Federal regulators have rejected the second of two suitors for Independence Federal Savings Bank, leaving the money-losing District institution pursuing a strategy to survive as an independent thrift.

In a rare rebuke for two solvent institutions, the Office of Thrift Supervision denied Carver Bancorp Inc.'s application to buy Independence for $33 million, saying the deal would have taxed the combined institution's financial resources because of Independence's ongoing losses. The OTS also said it doubted the ability of New York-based Carver to manage a company with operations in two cities.

Last month, the OTS ordered Morton A. Bender to cease his efforts to merge Independence with ColomboBank, a Rockville institution owned by Bender, citing Colombo's non-compliance with banking regulations.

"We are disappointed that Carver's application was denied by the OTS," Independence acting chief executive Thomas L. Batties said last night. "However, the bank is prepared and able and willing to move forward independently if necessary. . . . We'll forge forward under our own existing business plan."

Batties said Independence will move "toward a more traditional community banking model that we believe will be successful."

Among its initiatives is a plan for more robust residential, consumer and commercial lending. Independence's loan portfolio has shrunk in recent years.

In a statement, Carver chief executive Deborah C. Wright said Carver continues to "believe in the strategic rationale of this potential combination" but acknowledged that it may be impossible to address the OTS's concerns.

A spokesman for Carver, which retains a 9.7 percent interest in Independence, declined to comment beyond the written statement.

Carver's statement said the OTS cited Independence's losses in the last year, especially because of legal expenses from its fight with Bender.

Bender owns 20 percent of Independence and has fought with its management and board in and out of court for more than two years as he sought to gain control of the thrift.

But in its order rejecting the merger, the OTS cited a variety of concerns. The agency said Carver would have "significant difficulties" integrating Independence into its operation.

"The applicants have not adequately demonstrated their ability to successfully undertake the acquisition of a troubled institution in a distant market," said the order, signed by Scott M. Albinson, managing director of the OTS's Office of Examinations, Supervision and Consumer Protection.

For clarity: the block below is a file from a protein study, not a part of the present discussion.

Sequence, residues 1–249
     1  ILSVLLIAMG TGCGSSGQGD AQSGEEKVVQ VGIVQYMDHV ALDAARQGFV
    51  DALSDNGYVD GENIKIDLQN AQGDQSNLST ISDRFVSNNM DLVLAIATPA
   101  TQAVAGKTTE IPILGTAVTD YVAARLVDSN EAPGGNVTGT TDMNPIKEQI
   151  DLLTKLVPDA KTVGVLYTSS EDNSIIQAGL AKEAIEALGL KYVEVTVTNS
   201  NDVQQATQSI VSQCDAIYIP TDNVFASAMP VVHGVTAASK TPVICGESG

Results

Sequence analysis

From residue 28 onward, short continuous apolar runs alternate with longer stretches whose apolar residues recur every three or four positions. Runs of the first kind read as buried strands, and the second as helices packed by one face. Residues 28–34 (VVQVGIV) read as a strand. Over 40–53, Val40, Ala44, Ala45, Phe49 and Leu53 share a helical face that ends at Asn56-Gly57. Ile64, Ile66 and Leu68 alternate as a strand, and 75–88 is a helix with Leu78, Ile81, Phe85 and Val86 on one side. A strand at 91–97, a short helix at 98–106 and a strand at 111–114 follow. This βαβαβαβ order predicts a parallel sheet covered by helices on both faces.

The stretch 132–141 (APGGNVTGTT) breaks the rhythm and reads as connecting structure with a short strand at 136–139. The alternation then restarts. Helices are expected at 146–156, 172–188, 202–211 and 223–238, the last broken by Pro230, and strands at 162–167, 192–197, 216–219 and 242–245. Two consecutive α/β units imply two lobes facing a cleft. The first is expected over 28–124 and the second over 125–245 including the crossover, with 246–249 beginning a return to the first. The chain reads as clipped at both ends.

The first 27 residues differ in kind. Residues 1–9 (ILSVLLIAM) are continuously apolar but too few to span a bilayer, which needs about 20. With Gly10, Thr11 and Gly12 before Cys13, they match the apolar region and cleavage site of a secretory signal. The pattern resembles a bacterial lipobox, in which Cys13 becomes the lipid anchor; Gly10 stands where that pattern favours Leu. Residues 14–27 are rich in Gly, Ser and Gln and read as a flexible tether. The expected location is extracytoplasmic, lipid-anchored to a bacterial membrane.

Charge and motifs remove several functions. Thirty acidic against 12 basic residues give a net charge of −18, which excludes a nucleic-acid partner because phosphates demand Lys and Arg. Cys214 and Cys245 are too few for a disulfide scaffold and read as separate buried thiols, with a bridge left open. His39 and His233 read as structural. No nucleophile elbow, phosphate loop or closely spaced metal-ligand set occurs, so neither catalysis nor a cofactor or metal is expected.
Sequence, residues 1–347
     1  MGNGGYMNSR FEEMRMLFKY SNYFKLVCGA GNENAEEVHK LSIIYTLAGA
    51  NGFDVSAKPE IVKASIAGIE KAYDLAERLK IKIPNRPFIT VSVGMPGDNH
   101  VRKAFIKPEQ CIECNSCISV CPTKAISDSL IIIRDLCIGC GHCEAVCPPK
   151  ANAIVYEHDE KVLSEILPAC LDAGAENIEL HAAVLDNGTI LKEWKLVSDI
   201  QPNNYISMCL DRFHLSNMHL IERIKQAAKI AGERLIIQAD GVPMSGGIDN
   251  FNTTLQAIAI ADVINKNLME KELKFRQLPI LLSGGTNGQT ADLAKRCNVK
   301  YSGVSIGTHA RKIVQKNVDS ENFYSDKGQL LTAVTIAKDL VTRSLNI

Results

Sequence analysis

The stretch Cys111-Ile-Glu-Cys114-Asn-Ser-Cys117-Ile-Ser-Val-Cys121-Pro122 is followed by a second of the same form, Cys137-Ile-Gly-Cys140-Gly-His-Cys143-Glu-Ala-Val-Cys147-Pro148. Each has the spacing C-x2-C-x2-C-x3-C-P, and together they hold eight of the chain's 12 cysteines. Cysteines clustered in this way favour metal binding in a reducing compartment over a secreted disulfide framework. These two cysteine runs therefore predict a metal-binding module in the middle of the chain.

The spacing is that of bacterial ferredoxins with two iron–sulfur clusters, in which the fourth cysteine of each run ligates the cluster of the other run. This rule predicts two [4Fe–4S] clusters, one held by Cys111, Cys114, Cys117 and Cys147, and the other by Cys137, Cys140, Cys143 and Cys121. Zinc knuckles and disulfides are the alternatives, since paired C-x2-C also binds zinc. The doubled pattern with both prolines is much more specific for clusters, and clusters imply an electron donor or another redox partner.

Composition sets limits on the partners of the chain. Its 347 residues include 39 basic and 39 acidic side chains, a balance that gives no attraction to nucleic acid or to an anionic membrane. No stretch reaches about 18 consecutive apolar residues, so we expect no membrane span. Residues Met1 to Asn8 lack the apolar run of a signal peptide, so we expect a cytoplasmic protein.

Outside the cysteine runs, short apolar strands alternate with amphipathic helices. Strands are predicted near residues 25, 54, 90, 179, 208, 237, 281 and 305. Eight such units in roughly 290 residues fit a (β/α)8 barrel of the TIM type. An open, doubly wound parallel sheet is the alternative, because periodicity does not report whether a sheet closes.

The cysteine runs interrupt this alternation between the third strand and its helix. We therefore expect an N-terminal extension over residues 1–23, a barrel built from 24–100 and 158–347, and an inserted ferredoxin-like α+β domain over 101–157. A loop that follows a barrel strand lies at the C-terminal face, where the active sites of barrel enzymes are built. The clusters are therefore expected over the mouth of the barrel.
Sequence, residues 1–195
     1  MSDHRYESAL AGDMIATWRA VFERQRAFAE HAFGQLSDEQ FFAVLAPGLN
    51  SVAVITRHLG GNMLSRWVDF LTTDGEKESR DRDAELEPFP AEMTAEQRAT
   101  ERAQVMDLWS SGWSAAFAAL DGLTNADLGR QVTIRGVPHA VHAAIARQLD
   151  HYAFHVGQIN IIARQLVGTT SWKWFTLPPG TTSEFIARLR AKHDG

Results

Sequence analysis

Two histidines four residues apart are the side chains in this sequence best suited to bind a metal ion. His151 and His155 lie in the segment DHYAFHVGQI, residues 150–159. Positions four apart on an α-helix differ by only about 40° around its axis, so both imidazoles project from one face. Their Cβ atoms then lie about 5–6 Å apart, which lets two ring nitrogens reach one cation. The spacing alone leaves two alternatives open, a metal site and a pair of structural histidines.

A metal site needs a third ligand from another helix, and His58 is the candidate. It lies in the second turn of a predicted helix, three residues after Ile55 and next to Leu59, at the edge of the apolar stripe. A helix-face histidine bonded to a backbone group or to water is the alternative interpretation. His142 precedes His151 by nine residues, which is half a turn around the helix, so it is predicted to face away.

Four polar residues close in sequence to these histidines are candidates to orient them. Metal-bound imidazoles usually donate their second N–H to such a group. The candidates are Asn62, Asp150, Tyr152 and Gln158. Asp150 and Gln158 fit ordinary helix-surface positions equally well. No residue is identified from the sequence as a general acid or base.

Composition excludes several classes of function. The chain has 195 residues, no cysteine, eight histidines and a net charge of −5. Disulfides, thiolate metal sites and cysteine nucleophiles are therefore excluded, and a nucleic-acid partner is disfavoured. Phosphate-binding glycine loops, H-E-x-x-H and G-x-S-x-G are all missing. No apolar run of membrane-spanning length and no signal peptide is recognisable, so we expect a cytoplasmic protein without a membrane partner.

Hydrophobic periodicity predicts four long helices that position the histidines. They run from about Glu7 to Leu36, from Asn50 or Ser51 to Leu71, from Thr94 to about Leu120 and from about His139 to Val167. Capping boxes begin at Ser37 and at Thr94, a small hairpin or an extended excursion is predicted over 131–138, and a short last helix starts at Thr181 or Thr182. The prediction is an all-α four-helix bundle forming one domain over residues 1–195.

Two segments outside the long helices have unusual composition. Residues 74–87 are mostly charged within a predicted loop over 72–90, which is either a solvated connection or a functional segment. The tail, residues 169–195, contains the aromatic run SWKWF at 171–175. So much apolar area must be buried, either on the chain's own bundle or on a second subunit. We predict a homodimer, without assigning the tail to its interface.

The Carver merger was in trouble before the regulator rejected it. The deal, first agreed to in March, was billed as the beginning of Carver's strategy to move its minority-based banking initiatives to a new market. Both Carver and Independence were founded by blacks and maintain deep roots in their respective cities' minority populations.

Last month, Carver executives began to have second thoughts about the $21-a-share price they had agreed to pay Independence's shareholders. In a letter to Batties, Wright cited Independence's losses related to its Bender litigation in seeking to renegotiate the price. Independence rejected that offer and declared Carver in material breach of the agreement. The merger contract, however, is now nullified with the OTS action.

Independence's financial condition worsened in the first half of the year. According to filings with the Office of Thrift Supervision, Independence continues to shrink and lose money.

Its retained loan portfolio, made up mostly of single-family mortgages and student loans, fell by $5 million in the year ended June 30, to $67 million. It lost $1.2 million in the first six months of the year, largely because its legal expenses were more than $2 million higher than in the comparable period of 2003.

Before the late afternoon announcement of the OTS decision, Independence stock closed yesterday at $17.01, unchanged.